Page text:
With Brazilian director Cao Hamburger's second feature, 12-year-old Mauro Stein (Michel Joelsas) joins the young protagonists of movies like RUNNING ON EMPTY and BLAME IT ON FIDEL: Children of committed lefties whose lives are disrupted by the fall-out from their parents' radical politics.
Belo Horizonte, Brazil, 1970. Soccer fanatic Mauro Stein is eagerly awaiting the upcoming World Cup when out of the blue his parents, Daniel (Eduardo Moreira) and Bia (Simone Spoladore), announce they're going on vacation. While they're gone, Mauro will be staying with his grandfather Motel (Paulo Autran), a Jewish barber in Sao Paolo. In reality, Mauro's parents are both Communists who have begun to fear that the increasingly oppressive political atmosphere under the right-wing military regime will soon result in their arrest; their "vacation" is really an escape into the underground. In a panic, Daniel and Bia drop Mauro in front of Motel's apartment building in the ethnically diverse Sao Paolo neighborhood of Bom Retiro with the promise that they'll return in time to watch Brazil win the World Cup. Before speeding off, they also reminding him that should anyone ask, he's simply to say that his parents are away on a long vacation. Mauro drags his suitcase up the stairs to his grandfather's apartment but strangely no one answers his knock. Hours later, his grandfather's next-door-neighbor, an elderly Jew named Shlomo (Germano Haiut), arrives home surprised to find Mauro sitting in the hallway, completely unaware of the fact that Motel has in fact just died from a heart attack. Shlomo takes him in, then asks his rabbi and the other members of Bom Retiro's tight-knight Jewish community what he should do. In the meantime, he offers Mauro a place to stay, but he prefers to camp out in his grandfather's apartment, waiting by the phone for his parents' call. Mauro eventually befriends his young downstairs neighbor, Hanna (Daniela Piepszyk), an enterprising young woman who sneaks the neighborhood boys into the warehouse adjoining her mother's clothing store where, for a fee, they can peek into the women's dressing room. Soon, Hanna's friends become his friends, and the mostly Jewish residents of Shlomo's building become Mauro's temporary family. But the World Cup is fast approaching and there's still no sight of his parents who, Mauro begins to fear, may never be coming home from "vacation."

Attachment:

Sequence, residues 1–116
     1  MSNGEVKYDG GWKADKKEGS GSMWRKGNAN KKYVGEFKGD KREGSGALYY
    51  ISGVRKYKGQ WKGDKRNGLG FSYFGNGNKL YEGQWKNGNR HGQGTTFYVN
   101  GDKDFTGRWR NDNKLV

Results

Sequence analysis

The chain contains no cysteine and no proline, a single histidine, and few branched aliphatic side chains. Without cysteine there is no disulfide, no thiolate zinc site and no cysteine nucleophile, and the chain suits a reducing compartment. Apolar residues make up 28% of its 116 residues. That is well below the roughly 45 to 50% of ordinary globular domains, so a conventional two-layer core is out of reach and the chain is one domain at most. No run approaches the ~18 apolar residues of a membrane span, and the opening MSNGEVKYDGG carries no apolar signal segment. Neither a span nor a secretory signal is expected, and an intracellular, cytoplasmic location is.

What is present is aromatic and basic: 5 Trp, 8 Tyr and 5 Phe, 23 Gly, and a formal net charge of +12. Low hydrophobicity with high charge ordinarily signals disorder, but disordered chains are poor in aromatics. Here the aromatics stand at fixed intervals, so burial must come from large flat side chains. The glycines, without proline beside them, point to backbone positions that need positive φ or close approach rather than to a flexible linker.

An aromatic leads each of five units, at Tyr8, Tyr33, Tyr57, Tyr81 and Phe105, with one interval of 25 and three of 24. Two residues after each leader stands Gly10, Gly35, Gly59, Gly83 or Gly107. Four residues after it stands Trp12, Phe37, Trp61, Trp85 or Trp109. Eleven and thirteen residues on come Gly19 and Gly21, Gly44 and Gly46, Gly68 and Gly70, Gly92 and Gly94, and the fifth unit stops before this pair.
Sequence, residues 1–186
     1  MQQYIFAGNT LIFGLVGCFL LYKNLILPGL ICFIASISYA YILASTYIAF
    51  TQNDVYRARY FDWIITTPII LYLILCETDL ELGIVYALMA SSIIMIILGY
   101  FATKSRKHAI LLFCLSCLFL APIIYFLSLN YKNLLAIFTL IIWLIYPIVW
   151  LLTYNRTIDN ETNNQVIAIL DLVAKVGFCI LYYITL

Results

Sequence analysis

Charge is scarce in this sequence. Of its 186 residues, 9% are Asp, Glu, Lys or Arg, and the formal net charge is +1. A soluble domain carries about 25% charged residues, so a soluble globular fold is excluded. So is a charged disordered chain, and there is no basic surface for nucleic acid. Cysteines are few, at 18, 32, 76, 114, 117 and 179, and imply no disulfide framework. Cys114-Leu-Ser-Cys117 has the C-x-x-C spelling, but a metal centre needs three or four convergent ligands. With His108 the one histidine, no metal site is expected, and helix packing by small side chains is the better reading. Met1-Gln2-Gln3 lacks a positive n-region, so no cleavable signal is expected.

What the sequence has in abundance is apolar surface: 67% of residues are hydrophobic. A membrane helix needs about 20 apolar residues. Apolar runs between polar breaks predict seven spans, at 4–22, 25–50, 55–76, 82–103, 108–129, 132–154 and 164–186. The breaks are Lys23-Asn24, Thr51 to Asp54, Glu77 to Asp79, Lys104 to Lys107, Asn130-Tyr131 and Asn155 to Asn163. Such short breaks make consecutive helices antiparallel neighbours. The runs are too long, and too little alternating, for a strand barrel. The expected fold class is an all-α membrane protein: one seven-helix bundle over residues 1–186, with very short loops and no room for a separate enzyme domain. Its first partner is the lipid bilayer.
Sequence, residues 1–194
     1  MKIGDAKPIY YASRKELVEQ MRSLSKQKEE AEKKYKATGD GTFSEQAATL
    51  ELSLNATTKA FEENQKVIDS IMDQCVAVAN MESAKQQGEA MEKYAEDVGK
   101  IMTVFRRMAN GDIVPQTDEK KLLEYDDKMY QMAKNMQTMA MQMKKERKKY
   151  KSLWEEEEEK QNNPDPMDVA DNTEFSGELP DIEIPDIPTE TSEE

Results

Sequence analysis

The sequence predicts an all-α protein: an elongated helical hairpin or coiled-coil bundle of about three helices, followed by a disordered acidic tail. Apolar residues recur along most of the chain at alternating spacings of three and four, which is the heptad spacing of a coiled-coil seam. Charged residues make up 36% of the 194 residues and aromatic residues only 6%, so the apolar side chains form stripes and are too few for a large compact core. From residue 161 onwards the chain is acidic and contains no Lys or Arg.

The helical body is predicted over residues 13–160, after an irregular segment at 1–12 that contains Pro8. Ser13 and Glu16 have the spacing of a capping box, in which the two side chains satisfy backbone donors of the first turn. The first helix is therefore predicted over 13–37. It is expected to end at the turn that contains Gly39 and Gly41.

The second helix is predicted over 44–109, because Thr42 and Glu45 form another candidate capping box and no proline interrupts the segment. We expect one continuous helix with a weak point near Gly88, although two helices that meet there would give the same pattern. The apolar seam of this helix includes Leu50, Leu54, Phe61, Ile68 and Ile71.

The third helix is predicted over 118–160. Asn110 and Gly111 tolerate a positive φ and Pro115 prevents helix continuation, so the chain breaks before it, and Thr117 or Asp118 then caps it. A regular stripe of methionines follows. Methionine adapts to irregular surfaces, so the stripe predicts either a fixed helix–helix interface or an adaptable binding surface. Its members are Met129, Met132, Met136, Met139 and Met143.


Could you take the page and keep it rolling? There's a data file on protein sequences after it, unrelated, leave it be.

Hamburger's earnest effort offers interesting perspectives on Jewish life in South America's most populous city as well as the fate of political dissidents during a particularly dark period of Brazil's recent past. The acting is uniformly fine, but there are too many scenes of Mauro idly knocking about his grandfather's apartment, poking through drawers, kicking his soccer ball and waiting in vain for his parents to call. They drag the film down, and soon Mauro's year without his parents begins to feel like a very long time indeed.
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